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Wall of silence crumbled on accused killer of four, Toronto police say

Chief Bill Blair speaks to the media during a press conference at Toronto Police Services headquarters in Toronto, Ont. Oct. 19/2011.

Kevin Van Paassen/Kevin Van Paassen/The Globe and Mail

If police are right, Mark Garfield Moore is one of the most prolific and vicious killers ever to stalk Toronto, gunning down four men in three months and opening fire everywhere from school playgrounds to apartment building parking lots.

Most of the dead are people with no criminal past, leaving investigators at a loss to explain the senseless slayings. And it may have been this fact, combined with the 27-year-old's apparent notoriety, that allowed police to collar him.

Members of the public were so outraged at seeing innocent people killed, they inundated detectives with tips, breaking the no-snitching rule that pervades the city's toughest communities, sources said. This gives police hope they can finally breach the wall of silence that so often makes it impossible to solve crime in the neighbourhoods worst affected by them.

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"I also know that these crimes can have a tremendous impact on the communities in which they occur, they cause people to become fearful, people to be afraid to go out and use public spaces," Chief Bill Blair said Wednesday morning in announcing Mr. Moore's charges, 56 in all.

Police said they also busted up a firearm-trafficking ring that was allegedly selling weapons to Mr. Moore, along with a drug-dealing operation based out of Greenbrae Circuit, a street of apartment blocks and townhomes in Scarborough where many of the shootings occurred.

Mr. Moore's lawyer said her client only found out about the charges shortly before the police made them public, as he arrived from a jail cell to court on a different matter.

"He learned about it when he was brought to Scarborough court this morning, unannounced, to either himself or me," said Cheryl Robb, adding that Mr. Moore will be pleading not guilty. "I'm very disappointed that nobody had the courtesy to contact me first."

Mr. Moore is accused of taking part in numerous drive-by shootings, a holdup and other incidents involving guns, most of them during a brief period in the summer and fall of last year. Unfolding primarily in Scarborough and the Weston area, they include the attempted murder of a 28-year-old man in a laneway and the robbery of an Eglinton Avenue jewellery store where a clerk was shot.

The first victim to die was 27-year-old Jahmeel Spence, a father of two with no criminal record. He was returning home from buying juice for his children on the evening of Sept. 10, 2010, when someone shot him off Greenbrae Circuit. Police say it was a case of mistaken identity.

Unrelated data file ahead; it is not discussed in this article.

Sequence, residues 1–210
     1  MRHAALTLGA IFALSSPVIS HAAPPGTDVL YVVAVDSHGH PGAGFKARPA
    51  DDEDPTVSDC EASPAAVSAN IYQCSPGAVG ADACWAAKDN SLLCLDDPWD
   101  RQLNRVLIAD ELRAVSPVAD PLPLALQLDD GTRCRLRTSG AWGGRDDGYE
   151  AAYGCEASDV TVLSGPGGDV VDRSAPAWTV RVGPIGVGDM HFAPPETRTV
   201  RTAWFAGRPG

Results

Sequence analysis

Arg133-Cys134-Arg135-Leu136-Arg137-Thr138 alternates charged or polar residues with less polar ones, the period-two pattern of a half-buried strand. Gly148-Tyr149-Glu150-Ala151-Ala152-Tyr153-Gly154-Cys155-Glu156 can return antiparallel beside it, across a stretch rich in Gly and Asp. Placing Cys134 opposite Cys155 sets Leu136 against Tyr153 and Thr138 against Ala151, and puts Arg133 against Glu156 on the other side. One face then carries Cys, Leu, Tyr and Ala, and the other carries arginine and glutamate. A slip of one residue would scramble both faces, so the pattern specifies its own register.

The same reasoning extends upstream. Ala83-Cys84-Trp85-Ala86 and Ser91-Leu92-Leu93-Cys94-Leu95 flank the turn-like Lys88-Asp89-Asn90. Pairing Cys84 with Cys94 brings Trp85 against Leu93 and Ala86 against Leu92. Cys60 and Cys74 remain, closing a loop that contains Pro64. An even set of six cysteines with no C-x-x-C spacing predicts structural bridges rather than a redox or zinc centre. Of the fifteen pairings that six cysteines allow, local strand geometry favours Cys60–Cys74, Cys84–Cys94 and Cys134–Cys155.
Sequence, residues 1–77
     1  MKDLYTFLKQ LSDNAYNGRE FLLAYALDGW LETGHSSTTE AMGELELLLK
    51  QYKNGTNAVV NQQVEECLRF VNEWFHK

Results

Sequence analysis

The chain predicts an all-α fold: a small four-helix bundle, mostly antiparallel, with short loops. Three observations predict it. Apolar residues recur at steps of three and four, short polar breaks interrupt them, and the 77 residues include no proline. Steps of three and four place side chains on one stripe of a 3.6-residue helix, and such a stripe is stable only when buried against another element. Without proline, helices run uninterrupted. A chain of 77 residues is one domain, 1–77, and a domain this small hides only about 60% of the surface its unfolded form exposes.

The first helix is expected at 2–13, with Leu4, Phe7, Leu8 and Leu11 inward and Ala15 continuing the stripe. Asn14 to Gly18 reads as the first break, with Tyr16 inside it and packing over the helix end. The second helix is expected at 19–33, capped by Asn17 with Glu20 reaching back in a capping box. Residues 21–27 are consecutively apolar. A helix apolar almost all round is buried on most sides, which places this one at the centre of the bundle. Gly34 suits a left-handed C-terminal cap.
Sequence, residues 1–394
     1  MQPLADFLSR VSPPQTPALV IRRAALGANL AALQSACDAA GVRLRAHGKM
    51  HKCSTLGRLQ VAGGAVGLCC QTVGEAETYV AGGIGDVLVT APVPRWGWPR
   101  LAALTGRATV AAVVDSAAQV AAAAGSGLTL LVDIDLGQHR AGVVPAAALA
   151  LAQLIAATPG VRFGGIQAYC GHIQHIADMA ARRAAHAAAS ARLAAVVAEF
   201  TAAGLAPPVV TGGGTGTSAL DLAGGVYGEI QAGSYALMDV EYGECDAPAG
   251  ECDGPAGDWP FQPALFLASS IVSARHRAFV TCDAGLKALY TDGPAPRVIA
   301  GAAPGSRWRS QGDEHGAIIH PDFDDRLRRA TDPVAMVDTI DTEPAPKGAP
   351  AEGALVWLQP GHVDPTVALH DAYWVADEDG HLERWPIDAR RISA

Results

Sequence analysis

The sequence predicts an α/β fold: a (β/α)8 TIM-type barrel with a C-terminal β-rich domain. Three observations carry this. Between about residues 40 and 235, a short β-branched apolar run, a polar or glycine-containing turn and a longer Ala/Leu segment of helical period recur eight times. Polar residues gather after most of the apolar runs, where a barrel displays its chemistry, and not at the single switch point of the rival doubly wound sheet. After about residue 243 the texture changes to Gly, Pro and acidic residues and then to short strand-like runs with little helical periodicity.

Three weeks later, on Sept. 29, Courthney Facey, 18, and Mike James, 23, were enjoying a night out on Weston Road when a black SUV rolled out of a nearby alley. Someone in the vehicle opened fire, killing both men. Neither Mr. Facey, a high-school student, nor Mr. James, an apprentice chef, had any prior contact with police. More than a year later, officers say they still have no idea why they were killed.

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Police say the only one of Mr. Moore's alleged victims he had a motive to kill was Carl Cole. The 45-year-old had allegedly become entangled in a dispute with Mr. Moore and, late in the afternoon of Nov. 24 was shot dead by two men in a parking lot on Greenbrae Circuit. The killers made off with his car, found abandoned the next day.

Six days later, Mr. Moore was charged with possessing cocaine and marijuana for the purpose of trafficking.

He was back on the street when bullets rang out at a Richmond Street nightclub in March of this year. Arrested shortly after, he has been in custody ever since. It was then that investigators began to link the homicides and shootings the previous year.

Police used everything from wiretaps to surveillance to jailhouse informants to develop the case. Mr. Moore's mother, Hyacinth Moore, had her house and car searched repeatedly.

On Wednesday, Ms. Moore did not respond to requests for comment. The families of Mr. Moore's alleged victims were also quiet. They were informed of the charges just before the police news conference, which many attended, but did not speak with reporters afterward.

"Me ranting and going on, I don't think that would help in any way right now," said Mr. James's mother, Joanna Simmons.

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Mr. Moore and his family have been on police radar for years. As a 16-year-old, he took a bullet to the face at an apartment building on Weston Road. Weeks later, plainclothes Constable Tony Macias was shot in the shoulder nearby, an incident in which Mr. Moore's older brother, André, was a suspect. He was never convicted. Seven years later, another brother was shot outside a high school, but survived.

André Moore was shot dead on Oct. 14, 2008. Kenya Smith, charged with the slaying, testified that Andre Moore was a drug dealer who fired a gun at him during an unsuccessful robbery attempt in the lobby of a Scarborough apartment building.